In general: read the work of people who don't agree with popular opinion, or with your opinion. Not because I want you to become a radical but because even if the popular opinion is right, looking at it as if it was wrong will make you smarter--and you don't have to agree with the writer to benefit.
The first way this makes you smarter is that it has a physiological effect on the brain, literally re-wiring it with new neuronal connections.
The second is that it tends to lead to new ideas. The formula is Thesis + Antithesis = Synthesis. You take a perspective, you add the opposite perspective, and you get a new perspective. This kind of writing or journalism is often called contrarian, and there are magazines like Salon.com that specialize in it.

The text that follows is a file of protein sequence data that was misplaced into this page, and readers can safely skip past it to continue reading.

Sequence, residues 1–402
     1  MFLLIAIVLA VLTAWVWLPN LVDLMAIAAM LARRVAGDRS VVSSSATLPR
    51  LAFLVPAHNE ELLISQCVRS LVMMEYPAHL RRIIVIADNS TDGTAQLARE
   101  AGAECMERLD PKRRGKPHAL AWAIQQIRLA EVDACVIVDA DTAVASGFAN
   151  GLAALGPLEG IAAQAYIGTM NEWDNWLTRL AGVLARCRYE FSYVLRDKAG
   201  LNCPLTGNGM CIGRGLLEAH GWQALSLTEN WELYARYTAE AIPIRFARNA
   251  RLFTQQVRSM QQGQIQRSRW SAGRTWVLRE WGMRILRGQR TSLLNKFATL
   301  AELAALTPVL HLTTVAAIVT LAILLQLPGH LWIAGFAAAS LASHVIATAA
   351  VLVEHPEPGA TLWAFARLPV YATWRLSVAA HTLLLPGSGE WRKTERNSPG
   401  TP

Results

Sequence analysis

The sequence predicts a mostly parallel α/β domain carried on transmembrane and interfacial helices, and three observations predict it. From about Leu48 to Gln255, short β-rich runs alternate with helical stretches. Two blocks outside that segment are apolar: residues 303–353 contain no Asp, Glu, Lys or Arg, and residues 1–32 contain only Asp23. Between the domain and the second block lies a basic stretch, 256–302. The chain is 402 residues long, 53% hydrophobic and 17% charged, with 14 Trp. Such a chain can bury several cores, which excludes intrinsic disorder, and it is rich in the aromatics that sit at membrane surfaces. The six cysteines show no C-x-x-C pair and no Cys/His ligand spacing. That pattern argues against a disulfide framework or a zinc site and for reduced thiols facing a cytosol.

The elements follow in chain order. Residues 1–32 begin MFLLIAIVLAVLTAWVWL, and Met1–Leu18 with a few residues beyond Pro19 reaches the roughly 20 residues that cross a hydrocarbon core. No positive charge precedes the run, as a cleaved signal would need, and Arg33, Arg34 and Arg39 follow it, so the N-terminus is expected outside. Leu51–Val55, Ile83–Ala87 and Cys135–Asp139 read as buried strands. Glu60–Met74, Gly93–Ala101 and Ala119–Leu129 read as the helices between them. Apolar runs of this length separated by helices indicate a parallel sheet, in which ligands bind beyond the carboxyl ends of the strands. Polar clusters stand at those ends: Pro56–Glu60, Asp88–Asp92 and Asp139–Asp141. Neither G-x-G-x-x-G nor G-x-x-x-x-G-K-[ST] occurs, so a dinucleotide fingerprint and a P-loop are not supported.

Some current writers who are good at this include:
A connection between Franz Kafka and improved mental skills--specifically pattern detection--was uncovered in a study conducted by the University of California and the University of British Columbia. They prepared two versions of a Kafka story--one modified to enhance its absurdity, the other modified to smooth-out the narrative and make it easier to understand--and had two groups of students perform simple pattern discovery tasks after reading either one or the other. Those who read the absurd version, which dissolved into non-sequiteurs and unrelated illustrations, performed better at the task than those who read the "easy" version that had meaningful illustrations and clearer prose. Reading a story that was difficult to understand made the brain work harder at extracting meaning, and the benefit of exercise carried over to other tasks.
Absurdism is also used in cinema. Try movies by David Lynch and David Cronenberg.